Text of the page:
Pernell McPhee has been keeping score in his head.
When the count isn’t to his liking, the Bears’ newest, most expensive piece admits he questions his new boss, defensive coordinator Vic Fangio.
In Baltimore, he guessed, he rushed the passer 95 percent of the time.
On maybe 80 percent of the Bears’ plays during offseason practices, the outside linebacker signed for his pass-rush skills said he’s doing just the opposite—dropping into pass coverage.
“Sometimes I wonder, ‘’Why the hell you got me doing this?’” he said Wednesday after the Bears’ sixth Organized Team Activity practice. “And then, when I watched the practice film, it all plays out.
“That’s the good part of the defense. You can’t really scheme this defense, because you don’t know what side is coming.”
Odds are, McPhee will be on the side that rushes in Fangio’s aggressive, unpredictable defense. He knows that.
Even though he claims to have “great feet, great hips” for pass coverage, the Bears didn’t give McPhee a five-year, $38.75 million deal this offseason to do his best Darrelle Revis impression.
Rather, McPhee’s ability to attack the passer from all over the field — outside linebacker, defensive end and inside linebacker — portends a good fit in Fangio’s defense.
“Pernellhas kinda moved around in his career,” Fangio said last month. “But he’s had some experience out there. It’s not as hard as everybody thinks. It’s a slow-growing process. A lot of the things that look hard to them now will eventually be easy. But we gotta work through that.”
McPhee said Fangio’s scheme is, thus far, more unpredictable than the Ravens’ 3-4.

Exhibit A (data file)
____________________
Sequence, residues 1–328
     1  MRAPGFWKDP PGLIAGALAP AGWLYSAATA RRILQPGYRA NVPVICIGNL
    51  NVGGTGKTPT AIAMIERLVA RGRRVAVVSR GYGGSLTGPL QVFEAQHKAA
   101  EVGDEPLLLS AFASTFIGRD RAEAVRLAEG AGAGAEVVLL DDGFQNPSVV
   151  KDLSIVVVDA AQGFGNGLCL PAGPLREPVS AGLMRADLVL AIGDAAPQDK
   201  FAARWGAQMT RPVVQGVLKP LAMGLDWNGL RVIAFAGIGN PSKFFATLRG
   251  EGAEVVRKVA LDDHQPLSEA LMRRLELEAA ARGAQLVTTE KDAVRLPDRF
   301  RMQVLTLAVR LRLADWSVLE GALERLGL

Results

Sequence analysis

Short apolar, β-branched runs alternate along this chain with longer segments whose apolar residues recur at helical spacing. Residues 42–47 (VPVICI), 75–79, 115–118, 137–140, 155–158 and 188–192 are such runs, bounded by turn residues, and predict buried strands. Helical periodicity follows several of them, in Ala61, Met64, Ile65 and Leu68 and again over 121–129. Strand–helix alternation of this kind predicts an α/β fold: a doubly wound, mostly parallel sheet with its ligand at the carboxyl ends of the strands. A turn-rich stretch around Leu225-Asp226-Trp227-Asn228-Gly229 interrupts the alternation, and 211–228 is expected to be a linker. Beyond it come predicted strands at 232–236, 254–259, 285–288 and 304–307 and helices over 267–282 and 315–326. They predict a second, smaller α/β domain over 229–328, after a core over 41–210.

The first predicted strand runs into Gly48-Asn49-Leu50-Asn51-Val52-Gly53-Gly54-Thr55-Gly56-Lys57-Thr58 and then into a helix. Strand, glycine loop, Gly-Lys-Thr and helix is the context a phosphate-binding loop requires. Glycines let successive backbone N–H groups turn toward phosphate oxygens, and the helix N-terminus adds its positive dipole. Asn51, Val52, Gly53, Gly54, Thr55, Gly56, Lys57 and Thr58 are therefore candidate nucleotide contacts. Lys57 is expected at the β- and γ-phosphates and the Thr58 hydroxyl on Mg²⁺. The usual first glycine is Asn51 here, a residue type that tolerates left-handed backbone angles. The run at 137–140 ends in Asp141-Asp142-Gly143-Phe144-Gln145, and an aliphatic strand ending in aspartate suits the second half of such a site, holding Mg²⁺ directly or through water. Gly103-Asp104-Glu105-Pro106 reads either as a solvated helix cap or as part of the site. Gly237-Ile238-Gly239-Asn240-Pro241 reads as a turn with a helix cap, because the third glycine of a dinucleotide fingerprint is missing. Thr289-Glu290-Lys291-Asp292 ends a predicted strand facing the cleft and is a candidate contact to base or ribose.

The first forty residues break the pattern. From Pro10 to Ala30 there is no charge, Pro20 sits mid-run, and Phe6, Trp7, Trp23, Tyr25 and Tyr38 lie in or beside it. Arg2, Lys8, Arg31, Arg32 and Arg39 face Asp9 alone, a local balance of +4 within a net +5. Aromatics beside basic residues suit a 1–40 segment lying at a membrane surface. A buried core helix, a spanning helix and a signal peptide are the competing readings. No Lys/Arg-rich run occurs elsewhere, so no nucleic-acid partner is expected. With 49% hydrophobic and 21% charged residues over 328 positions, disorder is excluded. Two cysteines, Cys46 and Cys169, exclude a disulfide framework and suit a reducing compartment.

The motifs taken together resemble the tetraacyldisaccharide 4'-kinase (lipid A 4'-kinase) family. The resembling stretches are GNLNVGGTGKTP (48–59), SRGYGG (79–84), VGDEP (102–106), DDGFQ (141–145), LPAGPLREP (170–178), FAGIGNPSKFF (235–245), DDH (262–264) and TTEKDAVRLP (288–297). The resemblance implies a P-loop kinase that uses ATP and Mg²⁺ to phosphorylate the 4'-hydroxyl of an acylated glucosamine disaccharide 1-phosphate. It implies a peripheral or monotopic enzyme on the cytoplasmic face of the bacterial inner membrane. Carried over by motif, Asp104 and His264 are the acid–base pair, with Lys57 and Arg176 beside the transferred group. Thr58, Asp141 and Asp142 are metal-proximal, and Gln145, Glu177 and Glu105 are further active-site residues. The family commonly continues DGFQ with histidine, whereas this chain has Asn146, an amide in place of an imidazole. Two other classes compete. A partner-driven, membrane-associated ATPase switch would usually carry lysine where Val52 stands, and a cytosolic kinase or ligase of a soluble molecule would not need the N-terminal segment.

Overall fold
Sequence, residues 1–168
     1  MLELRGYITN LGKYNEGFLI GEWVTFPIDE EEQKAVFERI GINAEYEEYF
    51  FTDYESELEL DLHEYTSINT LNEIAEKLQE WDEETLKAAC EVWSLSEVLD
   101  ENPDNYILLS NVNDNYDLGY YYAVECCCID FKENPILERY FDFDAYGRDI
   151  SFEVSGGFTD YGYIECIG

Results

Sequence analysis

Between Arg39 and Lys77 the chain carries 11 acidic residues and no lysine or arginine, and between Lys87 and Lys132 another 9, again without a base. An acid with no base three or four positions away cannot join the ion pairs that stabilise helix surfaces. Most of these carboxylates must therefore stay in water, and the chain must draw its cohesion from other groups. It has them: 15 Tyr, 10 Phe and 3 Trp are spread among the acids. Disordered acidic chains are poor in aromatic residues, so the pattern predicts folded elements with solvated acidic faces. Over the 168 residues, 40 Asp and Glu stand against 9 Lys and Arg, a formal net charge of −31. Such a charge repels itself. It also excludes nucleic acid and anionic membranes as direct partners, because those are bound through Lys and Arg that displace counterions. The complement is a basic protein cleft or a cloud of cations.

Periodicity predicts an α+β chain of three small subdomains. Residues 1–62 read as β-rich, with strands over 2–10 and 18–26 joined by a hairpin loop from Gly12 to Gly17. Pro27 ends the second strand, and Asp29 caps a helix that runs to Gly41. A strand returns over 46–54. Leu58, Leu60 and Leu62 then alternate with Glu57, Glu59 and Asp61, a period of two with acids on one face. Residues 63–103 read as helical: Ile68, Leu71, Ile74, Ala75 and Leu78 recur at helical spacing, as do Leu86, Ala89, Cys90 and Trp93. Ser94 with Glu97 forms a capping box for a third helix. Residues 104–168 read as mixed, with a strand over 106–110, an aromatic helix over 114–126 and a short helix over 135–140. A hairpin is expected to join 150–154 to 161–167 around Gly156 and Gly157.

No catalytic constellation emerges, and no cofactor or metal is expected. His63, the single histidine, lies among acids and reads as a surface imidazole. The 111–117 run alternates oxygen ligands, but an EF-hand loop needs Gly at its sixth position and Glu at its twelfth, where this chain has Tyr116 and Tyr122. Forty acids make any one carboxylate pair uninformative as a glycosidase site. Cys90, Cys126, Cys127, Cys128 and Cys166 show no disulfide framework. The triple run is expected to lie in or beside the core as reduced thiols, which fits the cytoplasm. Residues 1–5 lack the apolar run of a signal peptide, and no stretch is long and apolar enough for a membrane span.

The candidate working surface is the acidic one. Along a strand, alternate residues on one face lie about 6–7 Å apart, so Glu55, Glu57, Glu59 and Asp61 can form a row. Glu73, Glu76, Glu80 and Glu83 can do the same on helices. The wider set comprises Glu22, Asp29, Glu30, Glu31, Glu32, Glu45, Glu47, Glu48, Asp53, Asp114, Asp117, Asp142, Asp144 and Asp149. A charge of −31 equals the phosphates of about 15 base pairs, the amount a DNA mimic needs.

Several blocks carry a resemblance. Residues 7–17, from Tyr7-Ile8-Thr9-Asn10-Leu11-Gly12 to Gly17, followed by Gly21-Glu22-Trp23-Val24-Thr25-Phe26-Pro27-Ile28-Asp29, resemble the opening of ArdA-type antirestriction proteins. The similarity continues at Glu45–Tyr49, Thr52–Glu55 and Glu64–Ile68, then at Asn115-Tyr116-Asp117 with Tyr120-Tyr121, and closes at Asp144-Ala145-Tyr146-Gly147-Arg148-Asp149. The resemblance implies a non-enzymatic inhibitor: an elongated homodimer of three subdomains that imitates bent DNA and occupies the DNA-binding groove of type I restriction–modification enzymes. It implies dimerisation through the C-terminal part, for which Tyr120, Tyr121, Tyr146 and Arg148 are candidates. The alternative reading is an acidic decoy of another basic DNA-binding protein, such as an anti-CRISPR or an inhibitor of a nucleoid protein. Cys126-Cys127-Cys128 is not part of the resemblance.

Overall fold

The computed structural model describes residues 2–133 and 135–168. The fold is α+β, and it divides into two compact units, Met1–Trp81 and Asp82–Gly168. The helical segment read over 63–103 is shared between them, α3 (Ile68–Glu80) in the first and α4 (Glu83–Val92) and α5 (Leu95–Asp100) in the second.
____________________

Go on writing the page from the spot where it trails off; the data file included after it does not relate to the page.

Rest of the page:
“How he’s got us playing—I can’t tell the secrets—but he’s got us where, you don’t know who’s dropping, you don’t know who’s rushing,” McPhee said, “It’s just different. It’s very creative.”
McPhee, who had 7 ½ sacks last season, knew in Baltimore that six-time Pro Bowler Terrell Suggs would rush the passer, and that fellow outside linebacker Courtney Upshaw would drop into coverage.
A similar comfort — though, perhaps, not the same predictability —will come with repetition alongside his new Bears’ teammates. Outside linebackers coach Clint Hurtt is teaching responsibilities, McPhee said, by breaking the scheme into small pieces.
“We’re doing a great job going over it as a defense and letting us learn this defense, slowly, day by day,” McPhee said.
Learning his teammates takes longer.
“When you’ve been around some guys for four years, you kinda know everybody’s attitude. You know their personality. You know their character,” he said. “Coming to a new team, you’ve got to try to feel things out. You’ve got to try to see who the leader is, who’s not. You’ve got to try to figure out the guys you can sit down and talk to who’s willing to learn the game.”
In seeking them out, McPhee is trying to become a steadying presence on the Bears’ rebuilding defense. After practice, he reminds young players to jump in the cold tub to preserve their bodies, and helps them with their playbooks. Other times, he’ll ask others, “What do y’all see that I don’t see?”
It’s only June, but McPhee thinks he can become a veteran leader.
“It’s all a team thing right now,” he said. “But as far as getting them going and rolling, I think I can be that guy. But we’re going to let it play out like it plays out.”
As for his on-field responsibilities, McPhee hopes — and suspects — he’ll rush the passer more than he has been in practice.
“But I’m here to fit in,” he said. “Whatever coach needs me to do — go out at tight end, go out at receiver, drop in the flat, rush — I’m here.”